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Old 07-21-2010, 01:19 PM   #12
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RE: Anchor Rode to Chain Splice

And brings up problems of there own. i.e. weight,*cost, shock loads, Rubber snubbers or the need to rig a nylon snubber.
IMHO there is no one size fits all.

SD**
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Old 07-21-2010, 01:42 PM   #13
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RE: Anchor Rode to Chain Splice

Quote:
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And brings up problems of there own. i.e. weight,*cost, shock loads, Rubber snubbers or the need to rig a nylon snubber.
Yeah but....... if the conditions are such that they take all the catenary out of an all-chain rode, the risk is just as great of having that snazzy "wind the rope thorugh the chain links" splice come apart, too.* So either way, you're screwed.

I'm a big believer in having the fewest components and connections in an anchor rode.* To my way of thinking, I only want one since you have to have at least one, and that's the rode to the anchor connection.* Anything else---- a swivel, a rope-to-chain splice, whatever--- I don't want in the rode holding our boat.* Snubbers work great, they're easy and fast to rig if you set them up intelligently, and they are not part of the rode itself so do not compromise its strength.

If I had a combination rode that included a splice of the line into the chain in the manner you guys have been talking about I would never feel totally confident in it.* To me, it's a separation waiting to happen.* A line with a heavy thimble spliced into the end and then shackled to the chain is also less than ideal in my mind but I would trust it far more than the "threaded through the links" splices you've been talking about.* If I had to have a combination rode I would put absolute strength and integrity way before how convenient it was to pass through a windlass.* I'd rather move a rode from a line gypsy to a chain wildcat or even haul the connection over the windlass by hand than put my faith in something I felt was not the strongest possible connection.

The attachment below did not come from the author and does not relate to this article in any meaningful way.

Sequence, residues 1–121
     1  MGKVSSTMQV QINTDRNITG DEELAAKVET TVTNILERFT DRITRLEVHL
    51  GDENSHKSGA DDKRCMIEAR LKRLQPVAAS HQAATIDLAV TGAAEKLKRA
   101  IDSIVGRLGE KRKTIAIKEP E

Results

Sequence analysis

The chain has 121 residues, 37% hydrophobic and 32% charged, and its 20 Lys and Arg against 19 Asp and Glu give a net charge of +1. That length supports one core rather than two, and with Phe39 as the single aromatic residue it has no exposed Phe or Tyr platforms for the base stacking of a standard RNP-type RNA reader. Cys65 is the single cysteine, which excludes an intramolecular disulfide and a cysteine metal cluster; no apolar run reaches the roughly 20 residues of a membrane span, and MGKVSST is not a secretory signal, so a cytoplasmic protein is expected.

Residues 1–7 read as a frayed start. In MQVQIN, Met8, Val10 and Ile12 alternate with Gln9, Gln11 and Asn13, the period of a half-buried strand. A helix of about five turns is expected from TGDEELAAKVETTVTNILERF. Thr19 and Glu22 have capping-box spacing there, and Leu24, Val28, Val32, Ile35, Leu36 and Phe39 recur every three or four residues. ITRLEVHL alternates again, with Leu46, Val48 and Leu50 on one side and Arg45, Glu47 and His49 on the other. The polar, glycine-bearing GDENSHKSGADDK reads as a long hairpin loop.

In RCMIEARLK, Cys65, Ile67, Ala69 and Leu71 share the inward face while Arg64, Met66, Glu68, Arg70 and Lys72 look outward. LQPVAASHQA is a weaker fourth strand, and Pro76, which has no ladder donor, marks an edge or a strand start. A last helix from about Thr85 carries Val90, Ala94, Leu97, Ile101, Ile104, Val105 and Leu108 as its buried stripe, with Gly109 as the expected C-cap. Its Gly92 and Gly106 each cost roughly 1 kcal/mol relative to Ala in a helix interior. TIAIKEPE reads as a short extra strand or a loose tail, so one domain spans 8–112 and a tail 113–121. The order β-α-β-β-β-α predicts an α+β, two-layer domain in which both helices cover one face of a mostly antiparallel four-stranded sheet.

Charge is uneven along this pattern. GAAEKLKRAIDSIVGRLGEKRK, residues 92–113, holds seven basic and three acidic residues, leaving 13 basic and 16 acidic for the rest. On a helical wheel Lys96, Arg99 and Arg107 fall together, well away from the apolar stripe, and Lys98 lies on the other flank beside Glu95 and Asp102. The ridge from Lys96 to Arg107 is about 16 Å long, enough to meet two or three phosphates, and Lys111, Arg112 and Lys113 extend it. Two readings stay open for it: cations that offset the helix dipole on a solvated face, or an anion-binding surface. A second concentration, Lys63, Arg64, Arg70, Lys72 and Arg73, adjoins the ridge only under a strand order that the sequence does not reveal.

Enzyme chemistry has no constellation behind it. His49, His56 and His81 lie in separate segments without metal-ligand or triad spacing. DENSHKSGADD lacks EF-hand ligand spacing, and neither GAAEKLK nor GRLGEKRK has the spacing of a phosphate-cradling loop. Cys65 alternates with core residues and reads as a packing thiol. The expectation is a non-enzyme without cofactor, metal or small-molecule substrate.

Like I said, the entire issue can be avoided with the use of all-chain rode which is what we have.* The weight is not an issue on our boat and we have a very workable and effective snubber system so we're not concerned about shock loading on the deck hardware holding the pull on the anchor.

*
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Old 07-21-2010, 03:35 PM   #14
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RE: Anchor Rode to Chain Splice

Anchoring is a hassel.
That being said, it is of my mind that anything you can do to make it less so is an advantage
If a combination rode was not advised , Why would most windlasses have a rope and chain gypsy. The so called experts on all the books I have read call for this type of splice as perfered over the first type displayed on Capt'n Chucks insert.
As I stated in a previous post. To understand how a line and a knot function is key. This type of splice is said to provide 90 percent of the strength of the rope where as a knot will generally reduce a ropes strength by up to 1/2.